One of the key causes of wrinkles is that the skin’s natural oils decline, which then hinders its ability to stay moisturized. However, a 2021 study (Ikarashi et al.) found that by increasing the protein aquaporin-3 (which plays an important role in water retention) CBD promotes oil production, and thus, healthy, supple skin. Researchers predict that CBD will be developed as a unique product in this regard.

CBD may also improve the skins’ elasticity. As we age, our cells do not regenerate as quickly. However, scientists have found (particularly, in relation to psoriasis) that CBD works with the endocannabinoid system to renew skin cells at a faster pace. For instance, in one study (Norooznezhad, 2016) it was found that after applying CBD, psoriasis cells regenerated at a significantly quicker rate than is the norm (3 – 5 days versus 30).

[4] CBD reduces stress

Studies indicate that a hallmark of CBD is its ability to reduce anxiety. Indeed, after ingesting CBD, most participants found their stress had decreased, or they felt significantly less anxious.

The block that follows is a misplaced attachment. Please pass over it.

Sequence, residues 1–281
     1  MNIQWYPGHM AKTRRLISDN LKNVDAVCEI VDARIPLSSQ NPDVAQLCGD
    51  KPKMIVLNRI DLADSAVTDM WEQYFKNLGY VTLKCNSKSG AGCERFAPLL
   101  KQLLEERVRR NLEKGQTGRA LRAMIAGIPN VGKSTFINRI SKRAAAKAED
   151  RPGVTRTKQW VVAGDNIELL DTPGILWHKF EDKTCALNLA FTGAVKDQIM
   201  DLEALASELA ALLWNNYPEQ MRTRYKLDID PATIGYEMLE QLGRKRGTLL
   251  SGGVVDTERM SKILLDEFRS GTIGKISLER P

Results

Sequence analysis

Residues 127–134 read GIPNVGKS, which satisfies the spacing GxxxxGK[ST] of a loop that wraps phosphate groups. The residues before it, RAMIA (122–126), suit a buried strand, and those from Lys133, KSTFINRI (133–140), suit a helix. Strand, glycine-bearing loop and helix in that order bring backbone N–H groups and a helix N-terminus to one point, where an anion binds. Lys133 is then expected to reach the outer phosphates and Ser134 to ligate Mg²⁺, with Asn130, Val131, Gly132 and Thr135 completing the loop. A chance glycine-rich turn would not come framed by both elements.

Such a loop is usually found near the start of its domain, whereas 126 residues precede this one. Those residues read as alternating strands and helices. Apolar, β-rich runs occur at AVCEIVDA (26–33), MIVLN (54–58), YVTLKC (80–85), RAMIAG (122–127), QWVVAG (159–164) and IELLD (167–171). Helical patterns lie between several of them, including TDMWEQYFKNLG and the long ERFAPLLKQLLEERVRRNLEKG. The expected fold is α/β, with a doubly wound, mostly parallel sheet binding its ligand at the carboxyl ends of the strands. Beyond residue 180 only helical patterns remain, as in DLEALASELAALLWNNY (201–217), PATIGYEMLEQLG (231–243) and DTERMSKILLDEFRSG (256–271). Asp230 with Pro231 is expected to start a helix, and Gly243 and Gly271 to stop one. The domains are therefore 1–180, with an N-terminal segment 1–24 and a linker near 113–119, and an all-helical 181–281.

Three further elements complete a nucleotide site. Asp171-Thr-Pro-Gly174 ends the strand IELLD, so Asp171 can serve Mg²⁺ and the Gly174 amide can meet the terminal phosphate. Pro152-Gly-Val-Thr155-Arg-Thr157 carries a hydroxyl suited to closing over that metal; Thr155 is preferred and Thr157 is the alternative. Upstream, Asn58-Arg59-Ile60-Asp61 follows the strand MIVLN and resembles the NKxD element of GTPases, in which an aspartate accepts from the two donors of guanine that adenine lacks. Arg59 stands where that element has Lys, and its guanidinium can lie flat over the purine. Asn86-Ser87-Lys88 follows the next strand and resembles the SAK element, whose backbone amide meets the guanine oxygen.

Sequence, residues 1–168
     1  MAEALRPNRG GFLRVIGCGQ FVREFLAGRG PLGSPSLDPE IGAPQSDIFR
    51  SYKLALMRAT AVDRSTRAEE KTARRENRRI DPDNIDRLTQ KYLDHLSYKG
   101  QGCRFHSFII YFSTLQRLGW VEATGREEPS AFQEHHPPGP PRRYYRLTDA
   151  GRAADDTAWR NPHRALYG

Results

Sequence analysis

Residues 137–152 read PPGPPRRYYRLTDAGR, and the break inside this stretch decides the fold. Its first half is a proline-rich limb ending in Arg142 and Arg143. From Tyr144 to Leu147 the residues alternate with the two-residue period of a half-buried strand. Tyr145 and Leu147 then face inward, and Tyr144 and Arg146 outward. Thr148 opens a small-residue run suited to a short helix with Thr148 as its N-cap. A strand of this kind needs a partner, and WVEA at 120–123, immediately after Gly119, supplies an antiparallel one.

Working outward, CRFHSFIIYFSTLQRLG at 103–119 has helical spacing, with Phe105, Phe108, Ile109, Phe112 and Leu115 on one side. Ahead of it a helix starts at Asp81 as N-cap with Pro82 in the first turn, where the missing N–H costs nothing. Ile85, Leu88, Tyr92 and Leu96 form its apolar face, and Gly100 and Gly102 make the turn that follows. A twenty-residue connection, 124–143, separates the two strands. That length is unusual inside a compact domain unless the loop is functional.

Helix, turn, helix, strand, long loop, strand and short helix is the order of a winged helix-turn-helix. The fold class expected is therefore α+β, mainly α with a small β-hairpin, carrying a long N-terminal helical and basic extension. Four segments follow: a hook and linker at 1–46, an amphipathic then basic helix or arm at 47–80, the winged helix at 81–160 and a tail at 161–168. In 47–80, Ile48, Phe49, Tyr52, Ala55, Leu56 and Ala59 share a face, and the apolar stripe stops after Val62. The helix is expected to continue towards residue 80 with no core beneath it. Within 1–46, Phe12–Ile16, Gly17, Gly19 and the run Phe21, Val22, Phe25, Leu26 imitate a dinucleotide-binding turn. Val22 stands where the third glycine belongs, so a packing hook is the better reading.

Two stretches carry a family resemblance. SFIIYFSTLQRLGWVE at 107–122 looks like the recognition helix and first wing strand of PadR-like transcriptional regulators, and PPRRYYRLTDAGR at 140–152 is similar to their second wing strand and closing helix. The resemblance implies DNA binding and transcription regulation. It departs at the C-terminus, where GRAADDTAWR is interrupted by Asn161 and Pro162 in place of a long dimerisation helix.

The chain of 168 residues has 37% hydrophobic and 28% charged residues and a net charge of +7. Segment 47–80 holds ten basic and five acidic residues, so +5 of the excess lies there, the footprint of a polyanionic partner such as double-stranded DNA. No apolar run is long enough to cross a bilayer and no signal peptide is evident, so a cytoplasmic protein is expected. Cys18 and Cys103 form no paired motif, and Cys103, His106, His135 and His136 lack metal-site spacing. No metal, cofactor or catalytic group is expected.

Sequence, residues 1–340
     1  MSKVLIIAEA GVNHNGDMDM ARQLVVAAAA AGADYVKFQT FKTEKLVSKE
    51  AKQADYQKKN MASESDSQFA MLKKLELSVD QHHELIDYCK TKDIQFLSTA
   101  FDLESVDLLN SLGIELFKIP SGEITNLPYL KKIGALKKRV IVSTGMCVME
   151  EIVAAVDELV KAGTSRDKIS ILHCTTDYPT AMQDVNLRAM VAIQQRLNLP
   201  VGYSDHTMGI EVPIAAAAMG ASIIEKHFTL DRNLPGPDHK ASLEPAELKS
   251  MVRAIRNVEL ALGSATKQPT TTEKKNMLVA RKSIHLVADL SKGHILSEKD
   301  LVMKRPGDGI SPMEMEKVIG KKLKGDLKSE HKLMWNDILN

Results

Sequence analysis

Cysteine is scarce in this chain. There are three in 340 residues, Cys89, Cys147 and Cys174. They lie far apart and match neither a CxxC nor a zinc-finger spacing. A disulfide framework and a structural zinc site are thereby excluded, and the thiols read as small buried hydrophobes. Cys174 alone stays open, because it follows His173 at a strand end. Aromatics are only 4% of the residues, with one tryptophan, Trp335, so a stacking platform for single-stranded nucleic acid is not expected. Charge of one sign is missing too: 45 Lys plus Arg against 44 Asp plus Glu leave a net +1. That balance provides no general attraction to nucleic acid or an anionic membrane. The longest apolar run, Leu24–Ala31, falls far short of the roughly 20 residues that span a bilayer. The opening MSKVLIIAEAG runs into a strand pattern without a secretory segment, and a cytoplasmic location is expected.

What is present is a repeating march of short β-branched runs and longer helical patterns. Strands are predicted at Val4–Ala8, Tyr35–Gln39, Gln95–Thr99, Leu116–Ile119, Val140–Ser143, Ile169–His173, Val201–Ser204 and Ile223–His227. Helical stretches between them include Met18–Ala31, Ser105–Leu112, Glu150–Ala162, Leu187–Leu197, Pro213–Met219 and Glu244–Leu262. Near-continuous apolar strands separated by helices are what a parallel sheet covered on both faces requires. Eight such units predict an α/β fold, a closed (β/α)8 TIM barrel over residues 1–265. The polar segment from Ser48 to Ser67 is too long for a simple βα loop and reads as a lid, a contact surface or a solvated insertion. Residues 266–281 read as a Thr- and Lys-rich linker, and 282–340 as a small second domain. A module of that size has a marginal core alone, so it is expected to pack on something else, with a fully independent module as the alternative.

Skin cream infused with cannabis extract CBD oil for all natural skin care treatments for topical health conditions and joint pain. Holistic and alternative medicine concept, overhead flat lay with cannabis leaf.

In regards to the skin, according to a study (Dunn, 2013) chronic, psychological stress “stimulates the automatic nervous system, the renin-angiotensin system, and the hypothalamic system.” This leads to “chronic immune dysfunction, creased production of reactive oxygen species, and DNA damage, which are known to contribute to the aging of skin and other tissues.”